Thursday February 16th 2012 Tim
Naturally when a person is unwell and frail he will spend time lying on
his back staring at the ceiling. He might even try to close his
eyes in a sad attempt to achieve unconsciousness, but after hours and
hours and hours of sleep there is a part of the body that must crave
some form of positive engagement.
But fair warning, best to do
away with clocks in the bedroom, because sometimes two thirty one in the
morning can lead to mood swing, quickly followed by a sense of confusion
with hints of pointlessness.
The clock itself must have appeared in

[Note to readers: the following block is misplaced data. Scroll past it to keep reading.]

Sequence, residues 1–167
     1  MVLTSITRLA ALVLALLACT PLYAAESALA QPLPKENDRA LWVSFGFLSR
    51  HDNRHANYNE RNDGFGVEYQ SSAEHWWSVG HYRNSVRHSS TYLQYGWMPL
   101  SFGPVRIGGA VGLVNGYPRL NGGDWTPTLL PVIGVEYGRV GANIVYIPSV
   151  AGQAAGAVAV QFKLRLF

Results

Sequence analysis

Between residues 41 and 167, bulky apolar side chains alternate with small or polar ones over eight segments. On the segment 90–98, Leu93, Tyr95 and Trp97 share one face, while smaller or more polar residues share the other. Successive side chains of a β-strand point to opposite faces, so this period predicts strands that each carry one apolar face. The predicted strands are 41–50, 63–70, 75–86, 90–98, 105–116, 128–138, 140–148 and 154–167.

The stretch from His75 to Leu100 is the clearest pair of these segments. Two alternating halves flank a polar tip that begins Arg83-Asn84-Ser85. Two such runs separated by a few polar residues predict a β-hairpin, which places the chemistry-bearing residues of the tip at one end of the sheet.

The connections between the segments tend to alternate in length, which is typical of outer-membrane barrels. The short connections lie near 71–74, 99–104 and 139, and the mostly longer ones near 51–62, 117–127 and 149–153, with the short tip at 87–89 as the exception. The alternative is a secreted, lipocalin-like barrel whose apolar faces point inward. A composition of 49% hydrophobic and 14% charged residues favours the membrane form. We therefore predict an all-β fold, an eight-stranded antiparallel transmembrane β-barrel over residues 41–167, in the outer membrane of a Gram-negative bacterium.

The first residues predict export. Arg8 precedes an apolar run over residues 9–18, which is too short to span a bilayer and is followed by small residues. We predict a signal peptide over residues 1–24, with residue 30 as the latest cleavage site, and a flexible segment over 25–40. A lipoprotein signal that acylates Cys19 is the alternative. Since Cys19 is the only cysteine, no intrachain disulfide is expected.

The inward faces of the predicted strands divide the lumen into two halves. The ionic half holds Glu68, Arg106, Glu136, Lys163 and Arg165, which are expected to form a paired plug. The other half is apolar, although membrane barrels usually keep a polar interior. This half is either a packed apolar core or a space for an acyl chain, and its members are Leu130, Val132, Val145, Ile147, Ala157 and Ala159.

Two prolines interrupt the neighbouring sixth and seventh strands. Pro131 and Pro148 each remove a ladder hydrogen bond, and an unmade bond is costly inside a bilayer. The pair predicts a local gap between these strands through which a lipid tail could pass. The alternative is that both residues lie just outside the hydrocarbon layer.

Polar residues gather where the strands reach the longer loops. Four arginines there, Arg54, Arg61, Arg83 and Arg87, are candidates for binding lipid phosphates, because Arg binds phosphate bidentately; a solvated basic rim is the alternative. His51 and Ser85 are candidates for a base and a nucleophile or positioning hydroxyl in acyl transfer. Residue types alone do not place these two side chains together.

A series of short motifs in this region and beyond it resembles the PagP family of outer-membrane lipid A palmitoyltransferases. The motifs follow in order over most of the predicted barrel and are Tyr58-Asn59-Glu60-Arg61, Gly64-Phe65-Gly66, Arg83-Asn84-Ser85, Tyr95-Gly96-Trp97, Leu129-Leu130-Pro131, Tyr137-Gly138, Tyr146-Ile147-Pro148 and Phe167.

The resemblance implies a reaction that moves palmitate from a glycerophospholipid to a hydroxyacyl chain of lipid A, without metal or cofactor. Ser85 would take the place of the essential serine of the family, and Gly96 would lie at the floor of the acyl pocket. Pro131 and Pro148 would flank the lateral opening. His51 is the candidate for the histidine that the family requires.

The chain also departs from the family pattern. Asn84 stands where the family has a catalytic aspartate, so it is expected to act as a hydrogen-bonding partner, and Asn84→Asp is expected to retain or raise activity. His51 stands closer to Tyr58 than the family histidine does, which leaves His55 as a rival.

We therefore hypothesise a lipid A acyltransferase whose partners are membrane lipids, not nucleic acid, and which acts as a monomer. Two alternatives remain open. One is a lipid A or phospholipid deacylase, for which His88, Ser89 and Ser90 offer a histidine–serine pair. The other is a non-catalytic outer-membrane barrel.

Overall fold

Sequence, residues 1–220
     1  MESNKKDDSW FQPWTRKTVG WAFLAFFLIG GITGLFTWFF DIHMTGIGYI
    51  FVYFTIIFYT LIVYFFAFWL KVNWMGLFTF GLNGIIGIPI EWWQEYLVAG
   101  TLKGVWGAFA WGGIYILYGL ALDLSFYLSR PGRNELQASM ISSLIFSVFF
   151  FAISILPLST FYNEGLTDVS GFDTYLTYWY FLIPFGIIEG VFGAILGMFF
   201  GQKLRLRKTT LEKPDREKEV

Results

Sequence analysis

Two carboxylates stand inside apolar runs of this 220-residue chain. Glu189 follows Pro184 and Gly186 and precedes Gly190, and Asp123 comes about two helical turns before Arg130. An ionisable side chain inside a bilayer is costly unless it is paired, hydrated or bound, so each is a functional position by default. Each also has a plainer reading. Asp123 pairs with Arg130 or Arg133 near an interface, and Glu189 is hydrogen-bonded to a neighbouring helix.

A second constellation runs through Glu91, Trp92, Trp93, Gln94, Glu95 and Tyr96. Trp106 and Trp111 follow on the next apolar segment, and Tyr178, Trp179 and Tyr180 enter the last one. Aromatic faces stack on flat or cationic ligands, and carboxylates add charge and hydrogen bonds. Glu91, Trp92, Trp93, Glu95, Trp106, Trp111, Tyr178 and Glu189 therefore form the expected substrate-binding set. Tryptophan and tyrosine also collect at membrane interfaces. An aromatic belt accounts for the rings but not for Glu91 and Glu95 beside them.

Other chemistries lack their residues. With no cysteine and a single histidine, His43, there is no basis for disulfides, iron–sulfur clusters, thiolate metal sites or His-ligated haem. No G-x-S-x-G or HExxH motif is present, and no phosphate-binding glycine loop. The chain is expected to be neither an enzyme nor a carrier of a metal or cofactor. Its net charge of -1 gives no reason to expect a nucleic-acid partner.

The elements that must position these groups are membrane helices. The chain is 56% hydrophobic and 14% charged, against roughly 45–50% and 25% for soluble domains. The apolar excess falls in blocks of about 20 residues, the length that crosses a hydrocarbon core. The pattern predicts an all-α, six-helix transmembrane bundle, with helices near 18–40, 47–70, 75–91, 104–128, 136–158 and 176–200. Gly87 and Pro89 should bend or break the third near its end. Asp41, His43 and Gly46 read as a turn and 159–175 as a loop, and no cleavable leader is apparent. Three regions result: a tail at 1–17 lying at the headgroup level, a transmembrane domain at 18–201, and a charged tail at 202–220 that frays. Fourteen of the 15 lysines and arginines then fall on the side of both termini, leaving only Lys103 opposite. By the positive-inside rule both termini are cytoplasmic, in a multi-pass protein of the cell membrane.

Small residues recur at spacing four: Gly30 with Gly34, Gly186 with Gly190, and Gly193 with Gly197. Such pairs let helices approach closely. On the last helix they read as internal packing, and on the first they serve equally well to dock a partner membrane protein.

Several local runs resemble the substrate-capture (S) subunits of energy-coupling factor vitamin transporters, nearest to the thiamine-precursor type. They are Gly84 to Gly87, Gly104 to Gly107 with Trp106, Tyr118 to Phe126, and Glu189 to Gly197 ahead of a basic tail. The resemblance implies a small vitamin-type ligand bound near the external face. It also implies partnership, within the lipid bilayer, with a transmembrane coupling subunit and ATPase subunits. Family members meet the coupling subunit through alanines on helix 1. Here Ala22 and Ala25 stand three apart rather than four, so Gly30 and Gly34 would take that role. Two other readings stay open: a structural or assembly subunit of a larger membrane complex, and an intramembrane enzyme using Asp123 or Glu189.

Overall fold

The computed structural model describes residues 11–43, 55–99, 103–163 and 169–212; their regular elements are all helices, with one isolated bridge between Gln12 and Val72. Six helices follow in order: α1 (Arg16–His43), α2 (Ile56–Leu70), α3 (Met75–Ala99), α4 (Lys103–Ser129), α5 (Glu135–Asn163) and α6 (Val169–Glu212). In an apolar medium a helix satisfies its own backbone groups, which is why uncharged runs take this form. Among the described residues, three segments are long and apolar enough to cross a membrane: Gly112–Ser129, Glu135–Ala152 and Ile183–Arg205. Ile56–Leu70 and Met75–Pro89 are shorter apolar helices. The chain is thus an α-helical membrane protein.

the bedroom sometime during that era I will call "while gainfully employed."
It's not one of those wind-up clocks that tick-tocks, nor is it bright
enough to be seen in the dark, but it does have a button which if pressed
illuminates its dial with soft blue light that stays lit for exactly
Which theoretically should mean, that to keep
this clock's light on for one minute its button needs to be pressed every
five seconds, twelve times in a minute. And I have to wonder what other
theories when put to practice might also be incorrect.